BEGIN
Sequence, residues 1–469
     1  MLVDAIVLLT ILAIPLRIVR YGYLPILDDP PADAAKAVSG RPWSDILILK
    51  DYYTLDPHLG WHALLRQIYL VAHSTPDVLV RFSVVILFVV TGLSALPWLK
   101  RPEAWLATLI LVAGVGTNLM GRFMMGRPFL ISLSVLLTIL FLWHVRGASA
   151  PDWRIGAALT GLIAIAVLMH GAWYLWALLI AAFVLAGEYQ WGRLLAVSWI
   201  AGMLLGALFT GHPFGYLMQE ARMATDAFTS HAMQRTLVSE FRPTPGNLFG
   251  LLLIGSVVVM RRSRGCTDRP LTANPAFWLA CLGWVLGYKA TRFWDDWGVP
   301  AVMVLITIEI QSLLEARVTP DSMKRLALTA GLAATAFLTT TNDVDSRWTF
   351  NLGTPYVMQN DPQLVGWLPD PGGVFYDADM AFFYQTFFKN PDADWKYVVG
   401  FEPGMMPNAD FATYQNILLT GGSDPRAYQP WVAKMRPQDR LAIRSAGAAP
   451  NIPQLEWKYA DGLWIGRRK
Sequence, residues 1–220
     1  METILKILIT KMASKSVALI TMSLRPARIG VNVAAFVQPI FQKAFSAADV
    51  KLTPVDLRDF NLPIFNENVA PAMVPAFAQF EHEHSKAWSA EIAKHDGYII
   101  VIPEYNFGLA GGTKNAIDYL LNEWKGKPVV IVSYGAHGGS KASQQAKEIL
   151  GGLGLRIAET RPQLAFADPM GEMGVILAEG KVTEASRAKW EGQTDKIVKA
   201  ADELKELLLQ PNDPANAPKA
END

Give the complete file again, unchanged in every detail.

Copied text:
Sequence, residues 1–469
     1  MLVDAIVLLT ILAIPLRIVR YGYLPILDDP PADAAKAVSG RPWSDILILK
    51  DYYTLDPHLG WHALLRQIYL VAHSTPDVLV RFSVVILFVV TGLSALPWLK
   101  RPEAWLATLI LVAGVGTNLM GRFMMGRPFL ISLSVLLTIL FLWHVRGASA
   151  PDWRIGAALT GLIAIAVLMH GAWYLWALLI AAFVLAGEYQ WGRLLAVSWI
   201  AGMLLGALFT GHPFGYLMQE ARMATDAFTS HAMQRTLVSE FRPTPGNLFG
   251  LLLIGSVVVM RRSRGCTDRP LTANPAFWLA CLGWVLGYKA TRFWDDWGVP
   301  AVMVLITIEI QSLLEARVTP DSMKRLALTA GLAATAFLTT TNDVDSRWTF
   351  NLGTPYVMQN DPQLVGWLPD PGGVFYDADM AFFYQTFFKN PDADWKYVVG
   401  FEPGMMPNAD FATYQNILLT GGSDPRAYQP WVAKMRPQDR LAIRSAGAAP
   451  NIPQLEWKYA DGLWIGRRK
Sequence, residues 1–220
     1  METILKILIT KMASKSVALI TMSLRPARIG VNVAAFVQPI FQKAFSAADV
    51  KLTPVDLRDF NLPIFNENVA PAMVPAFAQF EHEHSKAWSA EIAKHDGYII
   101  VIPEYNFGLA GGTKNAIDYL LNEWKGKPVV IVSYGAHGGS KASQQAKEIL
   151  GGLGLRIAET RPQLAFADPM GEMGVILAEG KVTEASRAKW EGQTDKIVKA
   201  ADELKELLLQ PNDPANAPKA